The Smithsonian Folkways label is a treasure trove, for sure. It has a ton of great and historically important music. They have a lot of educational material, but not a lot of free material (alas). They are non profit, so maybe more money goes to the musician or supports their archival work. On the other hand, esp for their older stuff, it’d be great to have a large library of great work available to all. They should be optimising for access!

Alas, their free offerings are rather paltry. However, they currently have a nice “John Henry” Cephas & Wiggins available:

Ah, John Henry. A great story and great song. When we left North Carolina for Maryland, we through a farewell bash in our apartment complex’s social room. We billed it as a sort of “farewell concert/song round”. Tons of Zoe’s music buddies show up and we had a blast.

The absolute, bone shaking, heart exhilarating performance was our good friend Reagan Cole (RIP) playing John Henry. Here’s a recording that just does not remotely do justice to the performance I experienced:

I saw one of the most buttoned up people I’ve ever known pounding a table in time. I remember the vibrations of that performance. It was one of the absolutely finest musical experiences of my life.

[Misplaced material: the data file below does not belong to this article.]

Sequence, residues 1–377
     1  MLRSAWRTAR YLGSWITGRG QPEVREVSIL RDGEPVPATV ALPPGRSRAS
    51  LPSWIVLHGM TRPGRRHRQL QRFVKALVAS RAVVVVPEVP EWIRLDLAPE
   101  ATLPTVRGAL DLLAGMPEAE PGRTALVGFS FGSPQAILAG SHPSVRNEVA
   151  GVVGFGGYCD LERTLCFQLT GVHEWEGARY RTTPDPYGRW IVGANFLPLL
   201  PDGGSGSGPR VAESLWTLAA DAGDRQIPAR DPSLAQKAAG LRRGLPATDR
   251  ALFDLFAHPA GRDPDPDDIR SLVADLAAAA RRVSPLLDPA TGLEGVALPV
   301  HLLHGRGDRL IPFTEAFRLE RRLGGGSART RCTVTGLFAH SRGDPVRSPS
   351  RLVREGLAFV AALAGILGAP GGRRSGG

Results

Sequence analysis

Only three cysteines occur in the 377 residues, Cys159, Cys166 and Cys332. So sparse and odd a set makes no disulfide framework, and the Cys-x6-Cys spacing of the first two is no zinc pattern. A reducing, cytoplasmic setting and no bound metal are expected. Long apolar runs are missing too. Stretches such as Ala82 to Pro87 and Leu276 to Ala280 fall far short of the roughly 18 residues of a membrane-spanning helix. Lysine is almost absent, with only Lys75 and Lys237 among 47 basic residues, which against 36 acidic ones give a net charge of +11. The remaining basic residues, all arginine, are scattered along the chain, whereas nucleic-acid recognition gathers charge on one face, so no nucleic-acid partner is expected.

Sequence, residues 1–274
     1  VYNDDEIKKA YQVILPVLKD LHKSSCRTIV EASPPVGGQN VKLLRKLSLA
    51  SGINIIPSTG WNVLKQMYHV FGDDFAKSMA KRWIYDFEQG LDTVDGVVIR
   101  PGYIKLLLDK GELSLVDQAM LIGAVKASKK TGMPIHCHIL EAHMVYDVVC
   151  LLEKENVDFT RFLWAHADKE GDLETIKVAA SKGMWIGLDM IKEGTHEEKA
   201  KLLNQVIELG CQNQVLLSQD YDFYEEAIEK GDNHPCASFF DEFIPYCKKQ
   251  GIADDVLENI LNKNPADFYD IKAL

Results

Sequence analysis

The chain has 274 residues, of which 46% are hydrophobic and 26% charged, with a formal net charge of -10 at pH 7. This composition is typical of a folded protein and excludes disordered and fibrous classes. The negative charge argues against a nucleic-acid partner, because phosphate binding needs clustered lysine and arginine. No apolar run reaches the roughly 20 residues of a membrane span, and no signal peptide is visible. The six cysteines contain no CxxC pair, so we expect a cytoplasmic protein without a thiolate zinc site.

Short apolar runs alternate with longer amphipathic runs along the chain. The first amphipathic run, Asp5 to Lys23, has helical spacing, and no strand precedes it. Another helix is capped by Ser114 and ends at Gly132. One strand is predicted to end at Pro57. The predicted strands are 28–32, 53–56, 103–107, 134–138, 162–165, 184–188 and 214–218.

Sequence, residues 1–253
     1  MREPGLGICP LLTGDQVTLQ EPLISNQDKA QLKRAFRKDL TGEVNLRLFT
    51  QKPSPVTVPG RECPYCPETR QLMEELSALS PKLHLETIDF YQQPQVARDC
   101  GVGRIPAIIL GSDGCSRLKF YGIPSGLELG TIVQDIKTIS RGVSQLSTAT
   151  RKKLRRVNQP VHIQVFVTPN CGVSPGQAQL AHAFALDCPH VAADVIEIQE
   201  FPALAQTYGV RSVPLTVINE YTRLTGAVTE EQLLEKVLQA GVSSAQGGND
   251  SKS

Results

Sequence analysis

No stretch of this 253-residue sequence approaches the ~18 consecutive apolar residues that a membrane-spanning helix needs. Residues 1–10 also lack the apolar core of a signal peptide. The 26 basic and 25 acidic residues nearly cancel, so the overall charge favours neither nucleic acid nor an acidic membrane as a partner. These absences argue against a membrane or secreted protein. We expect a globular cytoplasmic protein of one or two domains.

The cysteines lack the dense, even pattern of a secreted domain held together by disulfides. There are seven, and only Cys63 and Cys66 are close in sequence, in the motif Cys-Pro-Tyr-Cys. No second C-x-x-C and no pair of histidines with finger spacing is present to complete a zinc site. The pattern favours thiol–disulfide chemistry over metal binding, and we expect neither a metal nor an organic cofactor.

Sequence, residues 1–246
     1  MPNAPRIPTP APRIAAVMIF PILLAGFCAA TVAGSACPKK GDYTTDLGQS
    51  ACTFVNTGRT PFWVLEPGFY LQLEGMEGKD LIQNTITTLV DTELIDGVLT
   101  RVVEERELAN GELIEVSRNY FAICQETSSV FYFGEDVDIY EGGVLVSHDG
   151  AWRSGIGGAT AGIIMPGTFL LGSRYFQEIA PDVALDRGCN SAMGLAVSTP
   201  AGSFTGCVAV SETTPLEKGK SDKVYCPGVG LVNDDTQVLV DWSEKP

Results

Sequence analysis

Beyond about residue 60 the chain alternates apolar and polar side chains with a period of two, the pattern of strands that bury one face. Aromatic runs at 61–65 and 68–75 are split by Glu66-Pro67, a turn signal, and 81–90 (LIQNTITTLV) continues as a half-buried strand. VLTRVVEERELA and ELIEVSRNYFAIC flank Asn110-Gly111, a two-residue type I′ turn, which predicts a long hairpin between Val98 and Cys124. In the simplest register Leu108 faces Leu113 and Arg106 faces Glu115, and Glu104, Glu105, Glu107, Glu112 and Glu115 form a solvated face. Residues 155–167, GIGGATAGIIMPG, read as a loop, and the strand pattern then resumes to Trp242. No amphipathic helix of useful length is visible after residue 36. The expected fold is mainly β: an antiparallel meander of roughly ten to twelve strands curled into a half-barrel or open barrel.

There are a plethora of wonderful interpretations (BelefonteMississippi Fred McDowell <– GREAT video! among others), but for me it will always be that moment when leaving North Carolina banging on a table while saying goodbye.

Music Monday: Take On Me

“Take On Me” is a classic pop song with an distinctively awesome video :

The rotoscoping is amazing. The flickeriness with the extra lines make it so interesting and engaging to watch even though the rest is kinda meh and the “story” nonsense. The bits that aren’t rotoscoped stand in stark contrast as visually boring. And yet it doesn’t feel busy or seizure inducing. It’s a very obvious effect done with an exquisitely subtle touch.

Lake Street Dive did a very polarising variant:

That trumpet! It’s very very strange and it’s. It clear that it’s meant to be likeable. (The singer hits a few key notes flat too.) However, the rest is pretty fun. It is, overall, very much in sharp contrast to the unrelenting pop precision of the original.